"Steve [Ballmer] made us go meet with Nintendo to see if they would consider being acquired. They just laughed their asses off."
- Kevin Bachus, one of the key figures behind Microsoft's launch of its first Xbox, shares one particularly interesting failed acquisition pitch.
The last few years have seen Microsoft turn to acquisitions as a way to bolster its first-party lineup and, according to several folks involved in Xbox's debut way back when, the company took a similar strategy ahead of its first console launch...with varying levels of success.
Among those pitched on potential acquisition early on was apparently Mario-maker Nintendo, an idea that was, according to a recent oral history from Bloomberg, met with resounding laughter from the Japanese company.
Kevin Bachus, then Xbox's third-party relations director, says that the team approached Nintendo (after earning a "no thanks" from EA) for acquisition talks at the behest of then-CEO Steve Ballmer, but the pitch didn't go over well.
"They just laughed their asses off," recalls Bachus. "Like, imagine an hour of somebody just laughing at you. That was kind of how that meeting went."
The idea, continues then-business development head Bob McBreen, was that Nintendo was outgunned in the Japanese console market and would do better as a part of Microsoft's console lineup.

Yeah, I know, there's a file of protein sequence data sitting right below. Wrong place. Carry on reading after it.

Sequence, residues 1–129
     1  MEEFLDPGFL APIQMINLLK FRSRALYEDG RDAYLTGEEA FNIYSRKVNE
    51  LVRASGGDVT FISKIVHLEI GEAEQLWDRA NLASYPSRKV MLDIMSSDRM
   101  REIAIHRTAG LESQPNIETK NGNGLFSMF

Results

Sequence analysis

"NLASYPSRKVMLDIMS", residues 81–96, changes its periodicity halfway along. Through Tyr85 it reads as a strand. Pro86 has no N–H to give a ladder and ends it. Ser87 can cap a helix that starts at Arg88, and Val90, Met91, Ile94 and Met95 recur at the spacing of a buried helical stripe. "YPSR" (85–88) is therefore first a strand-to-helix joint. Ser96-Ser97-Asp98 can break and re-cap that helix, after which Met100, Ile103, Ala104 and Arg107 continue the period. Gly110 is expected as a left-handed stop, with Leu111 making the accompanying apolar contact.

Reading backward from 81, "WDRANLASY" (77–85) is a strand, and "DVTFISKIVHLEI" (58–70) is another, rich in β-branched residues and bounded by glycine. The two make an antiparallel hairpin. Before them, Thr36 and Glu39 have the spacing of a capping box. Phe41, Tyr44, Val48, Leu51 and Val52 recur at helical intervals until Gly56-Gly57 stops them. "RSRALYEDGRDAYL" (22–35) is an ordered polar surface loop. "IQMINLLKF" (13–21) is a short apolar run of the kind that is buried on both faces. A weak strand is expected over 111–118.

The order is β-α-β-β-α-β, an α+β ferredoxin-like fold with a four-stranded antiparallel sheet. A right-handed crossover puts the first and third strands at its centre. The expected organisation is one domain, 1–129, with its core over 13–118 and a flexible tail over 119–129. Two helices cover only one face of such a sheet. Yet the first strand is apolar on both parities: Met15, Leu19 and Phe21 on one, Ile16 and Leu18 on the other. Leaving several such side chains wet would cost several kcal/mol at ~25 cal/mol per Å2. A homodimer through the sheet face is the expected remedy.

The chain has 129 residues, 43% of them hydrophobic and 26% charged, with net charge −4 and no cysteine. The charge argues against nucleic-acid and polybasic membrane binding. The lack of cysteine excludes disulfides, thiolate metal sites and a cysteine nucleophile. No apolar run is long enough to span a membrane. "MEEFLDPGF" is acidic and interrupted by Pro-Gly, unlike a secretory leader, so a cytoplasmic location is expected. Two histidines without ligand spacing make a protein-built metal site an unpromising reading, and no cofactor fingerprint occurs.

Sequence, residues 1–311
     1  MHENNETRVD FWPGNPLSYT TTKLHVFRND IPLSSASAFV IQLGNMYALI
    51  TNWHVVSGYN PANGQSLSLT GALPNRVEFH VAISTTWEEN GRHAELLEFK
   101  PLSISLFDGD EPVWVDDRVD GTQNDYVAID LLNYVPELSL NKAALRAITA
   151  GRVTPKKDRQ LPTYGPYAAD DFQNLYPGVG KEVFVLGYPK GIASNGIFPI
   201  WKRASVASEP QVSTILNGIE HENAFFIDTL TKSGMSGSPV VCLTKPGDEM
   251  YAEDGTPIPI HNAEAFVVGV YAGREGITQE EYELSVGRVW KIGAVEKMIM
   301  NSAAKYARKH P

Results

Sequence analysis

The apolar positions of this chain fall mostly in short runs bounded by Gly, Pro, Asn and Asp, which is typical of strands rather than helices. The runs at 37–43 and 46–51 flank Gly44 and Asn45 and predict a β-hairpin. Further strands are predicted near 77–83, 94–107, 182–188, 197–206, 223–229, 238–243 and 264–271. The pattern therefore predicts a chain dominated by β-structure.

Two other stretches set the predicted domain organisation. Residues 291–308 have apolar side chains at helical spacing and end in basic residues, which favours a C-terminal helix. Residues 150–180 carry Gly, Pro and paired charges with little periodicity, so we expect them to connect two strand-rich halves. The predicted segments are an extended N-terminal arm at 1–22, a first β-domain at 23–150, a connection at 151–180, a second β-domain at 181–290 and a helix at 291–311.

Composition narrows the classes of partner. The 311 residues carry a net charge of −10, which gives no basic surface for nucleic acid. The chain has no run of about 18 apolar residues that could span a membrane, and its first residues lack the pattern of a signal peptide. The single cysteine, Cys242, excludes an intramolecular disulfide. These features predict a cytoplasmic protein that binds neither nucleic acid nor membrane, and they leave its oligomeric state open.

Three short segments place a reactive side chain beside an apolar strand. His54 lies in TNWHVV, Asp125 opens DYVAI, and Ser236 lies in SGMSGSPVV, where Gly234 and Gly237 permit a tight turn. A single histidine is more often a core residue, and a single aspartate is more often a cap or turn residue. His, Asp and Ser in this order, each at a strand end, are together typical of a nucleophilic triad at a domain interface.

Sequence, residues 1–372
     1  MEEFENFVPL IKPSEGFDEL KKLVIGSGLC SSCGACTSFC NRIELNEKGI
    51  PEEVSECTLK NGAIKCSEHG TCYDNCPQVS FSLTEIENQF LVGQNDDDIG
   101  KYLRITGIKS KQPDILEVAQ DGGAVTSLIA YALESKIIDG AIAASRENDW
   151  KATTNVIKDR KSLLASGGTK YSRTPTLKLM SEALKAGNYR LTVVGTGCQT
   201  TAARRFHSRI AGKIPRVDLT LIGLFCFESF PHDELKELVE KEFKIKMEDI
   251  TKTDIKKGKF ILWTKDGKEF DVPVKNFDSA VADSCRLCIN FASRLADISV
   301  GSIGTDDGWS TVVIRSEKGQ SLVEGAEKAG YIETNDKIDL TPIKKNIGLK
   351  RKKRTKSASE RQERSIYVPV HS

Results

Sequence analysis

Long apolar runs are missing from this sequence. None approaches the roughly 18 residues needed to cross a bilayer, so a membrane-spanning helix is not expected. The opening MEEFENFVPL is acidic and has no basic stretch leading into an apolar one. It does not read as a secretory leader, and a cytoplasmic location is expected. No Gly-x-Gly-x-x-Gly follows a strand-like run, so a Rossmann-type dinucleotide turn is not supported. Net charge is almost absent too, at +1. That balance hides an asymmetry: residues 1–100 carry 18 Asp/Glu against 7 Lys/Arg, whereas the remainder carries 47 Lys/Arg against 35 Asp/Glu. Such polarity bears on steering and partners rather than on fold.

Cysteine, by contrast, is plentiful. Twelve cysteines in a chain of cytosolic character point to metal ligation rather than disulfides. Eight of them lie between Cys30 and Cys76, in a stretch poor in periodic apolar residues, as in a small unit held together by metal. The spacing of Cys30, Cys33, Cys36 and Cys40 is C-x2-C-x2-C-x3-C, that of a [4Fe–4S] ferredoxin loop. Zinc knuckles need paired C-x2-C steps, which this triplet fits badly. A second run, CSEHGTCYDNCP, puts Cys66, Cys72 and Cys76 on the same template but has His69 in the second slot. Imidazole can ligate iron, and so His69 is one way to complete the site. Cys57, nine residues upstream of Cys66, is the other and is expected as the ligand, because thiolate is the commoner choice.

"We actually had Nintendo in our building in January 2000 to work through the details of a joint venture where we gave them all the technical specs of the Xbox," says McBreen. "The pitch was their hardware stunk, and compared to Sony PlayStation, it did. So the idea was, 'Listen, you’re much better at the game portions of it with Mario and all that stuff. Why don’t you let us take care of the hardware?' But it didn’t work out."
Square (now Square Enix) and Midway Games were also on Microsoft's shopping list, but while those discussions seemingly went better than chats with Nintendo, neither worked out in the end.
There's plenty more on the history and early trials of Microsoft's early days in the console market in the full story from Bloomberg, found here.